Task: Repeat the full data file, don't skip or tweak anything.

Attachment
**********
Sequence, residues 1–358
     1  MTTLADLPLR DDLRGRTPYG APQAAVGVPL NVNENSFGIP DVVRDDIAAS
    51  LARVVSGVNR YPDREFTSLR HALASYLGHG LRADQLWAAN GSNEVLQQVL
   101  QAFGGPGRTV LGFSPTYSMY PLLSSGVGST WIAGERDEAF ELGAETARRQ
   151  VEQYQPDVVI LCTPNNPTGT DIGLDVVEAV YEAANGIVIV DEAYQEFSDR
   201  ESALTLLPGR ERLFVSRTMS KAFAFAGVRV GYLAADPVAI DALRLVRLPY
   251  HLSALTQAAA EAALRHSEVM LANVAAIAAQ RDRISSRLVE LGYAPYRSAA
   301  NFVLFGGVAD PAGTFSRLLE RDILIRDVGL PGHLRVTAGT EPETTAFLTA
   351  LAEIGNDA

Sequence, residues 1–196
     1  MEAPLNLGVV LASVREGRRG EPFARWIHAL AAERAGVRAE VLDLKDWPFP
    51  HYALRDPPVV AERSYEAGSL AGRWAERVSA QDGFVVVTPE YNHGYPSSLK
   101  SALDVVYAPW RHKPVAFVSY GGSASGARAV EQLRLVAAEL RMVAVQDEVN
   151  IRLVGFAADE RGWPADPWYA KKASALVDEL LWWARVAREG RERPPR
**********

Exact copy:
Sequence, residues 1–358
     1  MTTLADLPLR DDLRGRTPYG APQAAVGVPL NVNENSFGIP DVVRDDIAAS
    51  LARVVSGVNR YPDREFTSLR HALASYLGHG LRADQLWAAN GSNEVLQQVL
   101  QAFGGPGRTV LGFSPTYSMY PLLSSGVGST WIAGERDEAF ELGAETARRQ
   151  VEQYQPDVVI LCTPNNPTGT DIGLDVVEAV YEAANGIVIV DEAYQEFSDR
   201  ESALTLLPGR ERLFVSRTMS KAFAFAGVRV GYLAADPVAI DALRLVRLPY
   251  HLSALTQAAA EAALRHSEVM LANVAAIAAQ RDRISSRLVE LGYAPYRSAA
   301  NFVLFGGVAD PAGTFSRLLE RDILIRDVGL PGHLRVTAGT EPETTAFLTA
   351  LAEIGNDA

Sequence, residues 1–196
     1  MEAPLNLGVV LASVREGRRG EPFARWIHAL AAERAGVRAE VLDLKDWPFP
    51  HYALRDPPVV AERSYEAGSL AGRWAERVSA QDGFVVVTPE YNHGYPSSLK
   101  SALDVVYAPW RHKPVAFVSY GGSASGARAV EQLRLVAAEL RMVAVQDEVN
   151  IRLVGFAADE RGWPADPWYA KKASALVDEL LWWARVAREG RERPPR